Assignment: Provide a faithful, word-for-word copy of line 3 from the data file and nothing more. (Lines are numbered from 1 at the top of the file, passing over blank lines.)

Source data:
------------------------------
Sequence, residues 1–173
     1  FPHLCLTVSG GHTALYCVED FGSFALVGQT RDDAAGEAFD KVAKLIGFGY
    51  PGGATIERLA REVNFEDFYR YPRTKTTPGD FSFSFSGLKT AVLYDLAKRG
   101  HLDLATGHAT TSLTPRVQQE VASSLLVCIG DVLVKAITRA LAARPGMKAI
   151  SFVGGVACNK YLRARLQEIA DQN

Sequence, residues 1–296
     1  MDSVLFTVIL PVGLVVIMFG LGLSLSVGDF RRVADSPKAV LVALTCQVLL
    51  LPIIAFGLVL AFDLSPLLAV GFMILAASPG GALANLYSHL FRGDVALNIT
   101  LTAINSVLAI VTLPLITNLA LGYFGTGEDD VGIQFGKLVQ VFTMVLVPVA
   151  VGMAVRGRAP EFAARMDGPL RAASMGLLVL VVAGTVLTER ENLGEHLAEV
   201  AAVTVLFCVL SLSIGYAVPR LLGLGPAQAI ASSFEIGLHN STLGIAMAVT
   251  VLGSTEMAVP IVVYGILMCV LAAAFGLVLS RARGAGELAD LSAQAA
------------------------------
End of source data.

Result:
    51  PGGATIERLA REVNFEDFYR YPRTKTTPGD FSFSFSGLKT AVLYDLAKRG